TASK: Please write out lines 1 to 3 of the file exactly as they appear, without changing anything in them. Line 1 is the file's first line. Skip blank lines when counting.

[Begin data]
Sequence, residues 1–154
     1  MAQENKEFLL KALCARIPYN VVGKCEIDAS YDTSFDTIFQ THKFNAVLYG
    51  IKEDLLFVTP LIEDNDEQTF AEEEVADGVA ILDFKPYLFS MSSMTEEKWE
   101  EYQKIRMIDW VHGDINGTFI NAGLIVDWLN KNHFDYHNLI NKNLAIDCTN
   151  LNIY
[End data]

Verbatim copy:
Sequence, residues 1–154
     1  MAQENKEFLL KALCARIPYN VVGKCEIDAS YDTSFDTIFQ THKFNAVLYG
    51  IKEDLLFVTP LIEDNDEQTF AEEEVADGVA ILDFKPYLFS MSSMTEEKWE